Prince Harry has shared that he believes he was only bred to offer spare organs to his brother, Prince William.

In yet another bitter revelation from the Duke of Sussex’s memoir Spare, he revealed that he thinks he was only brought into the world in case the heir apparent needed help.

“Two years older than me, Willy was the Heir, whereas I was the Spare,” the exiled prince wrote, explaining the title of his memoir, which was officially released on Wednesday.

“I was the shadow, the support, the Plan B. I was brought into the world in case something happened to Willy,” he wrote of his brother and current heir to the throne.

He said he understood his role was to be a “diversion” and “distraction” from his brother, or to provide, “if necessary, a spare part” to him.

“Kidney, perhaps. Blood transfusion. Speck of bone marrow,” he added in morose detail.

He also shared how his dad, now King Charles III, could never be on a plane with his elder son, William, “because there must be no chance of the first and second in line to the throne being wiped out”.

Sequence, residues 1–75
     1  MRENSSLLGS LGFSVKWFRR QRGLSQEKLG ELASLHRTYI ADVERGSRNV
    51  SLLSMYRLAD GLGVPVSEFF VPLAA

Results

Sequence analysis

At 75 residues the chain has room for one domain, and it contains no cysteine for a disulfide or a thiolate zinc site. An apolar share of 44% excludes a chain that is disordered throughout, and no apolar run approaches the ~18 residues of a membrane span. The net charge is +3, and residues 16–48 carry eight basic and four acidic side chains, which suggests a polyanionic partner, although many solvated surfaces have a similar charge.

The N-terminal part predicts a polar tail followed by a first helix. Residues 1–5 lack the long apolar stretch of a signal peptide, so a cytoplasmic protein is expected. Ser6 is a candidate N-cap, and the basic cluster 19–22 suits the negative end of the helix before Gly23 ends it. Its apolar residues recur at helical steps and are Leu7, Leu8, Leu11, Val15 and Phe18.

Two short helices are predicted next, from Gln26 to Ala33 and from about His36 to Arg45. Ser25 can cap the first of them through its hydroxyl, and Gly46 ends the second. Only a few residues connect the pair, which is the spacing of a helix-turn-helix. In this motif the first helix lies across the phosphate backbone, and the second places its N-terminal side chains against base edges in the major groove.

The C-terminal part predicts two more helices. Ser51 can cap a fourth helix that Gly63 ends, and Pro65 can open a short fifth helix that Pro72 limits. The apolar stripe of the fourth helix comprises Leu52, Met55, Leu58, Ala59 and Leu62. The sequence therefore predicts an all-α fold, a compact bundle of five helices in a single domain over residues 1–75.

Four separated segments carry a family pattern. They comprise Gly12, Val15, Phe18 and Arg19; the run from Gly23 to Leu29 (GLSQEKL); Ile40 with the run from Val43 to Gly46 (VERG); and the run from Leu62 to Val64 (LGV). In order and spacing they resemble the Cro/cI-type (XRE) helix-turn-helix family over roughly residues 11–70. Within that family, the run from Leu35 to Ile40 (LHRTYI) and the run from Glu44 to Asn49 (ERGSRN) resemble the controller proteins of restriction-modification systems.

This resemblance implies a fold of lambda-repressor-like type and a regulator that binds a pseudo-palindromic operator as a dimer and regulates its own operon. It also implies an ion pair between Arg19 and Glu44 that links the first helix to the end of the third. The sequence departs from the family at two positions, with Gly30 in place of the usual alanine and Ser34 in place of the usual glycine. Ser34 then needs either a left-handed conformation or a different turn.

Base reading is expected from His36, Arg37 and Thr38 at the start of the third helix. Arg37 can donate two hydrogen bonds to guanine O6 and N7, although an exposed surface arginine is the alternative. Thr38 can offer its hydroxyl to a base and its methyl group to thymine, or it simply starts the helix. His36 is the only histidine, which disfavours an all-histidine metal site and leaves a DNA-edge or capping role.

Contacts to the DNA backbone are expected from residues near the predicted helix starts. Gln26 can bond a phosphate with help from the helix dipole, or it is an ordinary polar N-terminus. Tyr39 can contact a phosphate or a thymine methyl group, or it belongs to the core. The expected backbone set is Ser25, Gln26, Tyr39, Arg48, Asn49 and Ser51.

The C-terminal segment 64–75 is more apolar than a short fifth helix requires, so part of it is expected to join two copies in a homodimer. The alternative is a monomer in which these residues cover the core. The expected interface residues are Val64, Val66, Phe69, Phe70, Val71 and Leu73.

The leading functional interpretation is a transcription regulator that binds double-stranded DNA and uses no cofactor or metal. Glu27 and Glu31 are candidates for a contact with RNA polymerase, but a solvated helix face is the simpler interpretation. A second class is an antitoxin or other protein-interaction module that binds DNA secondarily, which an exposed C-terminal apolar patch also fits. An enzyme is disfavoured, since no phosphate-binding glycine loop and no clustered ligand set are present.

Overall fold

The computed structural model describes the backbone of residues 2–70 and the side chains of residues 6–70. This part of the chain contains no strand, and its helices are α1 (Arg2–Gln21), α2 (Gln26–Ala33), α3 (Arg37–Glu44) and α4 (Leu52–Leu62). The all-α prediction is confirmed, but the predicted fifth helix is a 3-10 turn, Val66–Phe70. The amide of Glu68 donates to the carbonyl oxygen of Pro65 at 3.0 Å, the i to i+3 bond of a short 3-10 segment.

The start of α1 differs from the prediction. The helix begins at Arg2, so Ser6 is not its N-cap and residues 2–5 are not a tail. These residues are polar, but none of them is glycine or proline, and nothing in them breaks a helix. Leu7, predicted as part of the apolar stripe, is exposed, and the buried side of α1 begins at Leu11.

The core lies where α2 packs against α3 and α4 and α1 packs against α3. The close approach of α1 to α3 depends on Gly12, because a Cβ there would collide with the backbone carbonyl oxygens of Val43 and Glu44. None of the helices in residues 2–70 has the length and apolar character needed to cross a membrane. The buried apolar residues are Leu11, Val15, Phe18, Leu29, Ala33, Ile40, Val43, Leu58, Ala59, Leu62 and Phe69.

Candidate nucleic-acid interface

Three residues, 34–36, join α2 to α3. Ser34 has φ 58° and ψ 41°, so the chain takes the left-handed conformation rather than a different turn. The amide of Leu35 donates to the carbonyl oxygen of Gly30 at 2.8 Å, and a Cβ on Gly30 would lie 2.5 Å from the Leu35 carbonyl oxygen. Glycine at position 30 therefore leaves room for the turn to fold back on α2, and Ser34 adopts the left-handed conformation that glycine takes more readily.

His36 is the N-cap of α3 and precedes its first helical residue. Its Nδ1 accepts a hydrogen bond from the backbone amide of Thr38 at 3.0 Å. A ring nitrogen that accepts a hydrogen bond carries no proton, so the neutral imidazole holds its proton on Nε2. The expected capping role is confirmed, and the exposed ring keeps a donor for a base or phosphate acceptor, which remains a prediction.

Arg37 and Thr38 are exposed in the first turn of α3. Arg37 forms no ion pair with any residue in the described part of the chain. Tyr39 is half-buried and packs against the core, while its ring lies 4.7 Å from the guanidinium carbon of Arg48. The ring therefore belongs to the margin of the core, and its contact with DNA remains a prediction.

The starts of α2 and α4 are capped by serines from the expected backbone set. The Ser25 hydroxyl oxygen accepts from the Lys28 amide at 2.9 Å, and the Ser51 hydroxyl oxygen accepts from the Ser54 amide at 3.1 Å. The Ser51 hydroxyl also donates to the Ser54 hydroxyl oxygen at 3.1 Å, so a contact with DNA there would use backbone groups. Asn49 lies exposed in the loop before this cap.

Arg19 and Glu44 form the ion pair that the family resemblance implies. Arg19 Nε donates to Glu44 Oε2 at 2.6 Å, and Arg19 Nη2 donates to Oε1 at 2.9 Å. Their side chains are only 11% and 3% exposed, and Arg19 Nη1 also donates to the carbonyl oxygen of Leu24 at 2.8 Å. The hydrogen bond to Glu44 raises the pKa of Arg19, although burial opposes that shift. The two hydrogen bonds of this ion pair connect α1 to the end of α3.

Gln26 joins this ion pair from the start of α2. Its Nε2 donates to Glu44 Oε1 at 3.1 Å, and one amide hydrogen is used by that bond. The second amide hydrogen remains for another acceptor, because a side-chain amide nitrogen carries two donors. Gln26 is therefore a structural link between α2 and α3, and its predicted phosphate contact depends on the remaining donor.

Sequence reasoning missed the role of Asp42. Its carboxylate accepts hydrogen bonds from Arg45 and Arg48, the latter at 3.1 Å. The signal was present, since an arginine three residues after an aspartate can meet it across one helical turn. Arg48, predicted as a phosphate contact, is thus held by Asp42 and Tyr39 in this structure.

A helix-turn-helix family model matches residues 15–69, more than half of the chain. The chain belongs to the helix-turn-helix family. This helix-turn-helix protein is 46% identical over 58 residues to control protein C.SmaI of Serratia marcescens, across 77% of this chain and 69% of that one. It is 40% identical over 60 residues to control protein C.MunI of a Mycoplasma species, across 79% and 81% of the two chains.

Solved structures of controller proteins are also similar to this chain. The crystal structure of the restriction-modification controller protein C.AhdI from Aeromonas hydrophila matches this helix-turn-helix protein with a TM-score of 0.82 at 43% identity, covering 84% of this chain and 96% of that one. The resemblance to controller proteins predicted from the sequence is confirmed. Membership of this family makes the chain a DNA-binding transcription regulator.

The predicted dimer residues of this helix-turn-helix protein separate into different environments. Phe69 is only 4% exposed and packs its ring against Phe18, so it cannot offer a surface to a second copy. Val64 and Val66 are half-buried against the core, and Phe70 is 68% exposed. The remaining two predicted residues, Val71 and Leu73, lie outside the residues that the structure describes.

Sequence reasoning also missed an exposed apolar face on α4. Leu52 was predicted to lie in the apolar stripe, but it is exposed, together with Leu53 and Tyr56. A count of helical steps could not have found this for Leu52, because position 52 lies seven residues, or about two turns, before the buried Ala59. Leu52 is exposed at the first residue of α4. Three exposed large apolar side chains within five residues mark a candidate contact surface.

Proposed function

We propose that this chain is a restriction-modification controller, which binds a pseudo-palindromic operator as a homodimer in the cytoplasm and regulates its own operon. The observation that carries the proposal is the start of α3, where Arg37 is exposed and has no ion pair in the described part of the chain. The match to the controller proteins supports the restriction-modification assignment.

“But no one gave a damn whom I travelled with; the Spare could always be spared,” Harry claimed.

“This was all made explicitly clear to me from the start of life’s journey and regularly reinforced thereafter,” he claimed of his apparent throwaway standing in the family.

Harry complained that the heir and spare clarification “wasn’t merely how the press referred to us”, but was also “the shorthand used by” his royal family, including “Mummy,” the late Princess Diana, “and even Granny,” the since-deceased Queen Elizabeth II.

He wrote that when he was 20-years-old, he was told that his father reacted to his birth by saying to Princess Diana, “Wonderful! Now you’ve given me an Heir and a Spare — my work is done.”

Despite naming his memoir Spare, and using his clear distaste for his role in life to justify his ultimate split from his family, Harry maintains that he was initially accepting of it.

“I took no offence, I felt nothing about it, any of it,” he wrote — initially acknowledging his incredibly privileged life.

“Every boy and girl, at least once, imagines themselves as a prince or a princess. Therefore, Spare or no Spare, it wasn’t half bad to actually be one,” he conceded.

Image credits: Getty Images

This article first appeared on OverSixty.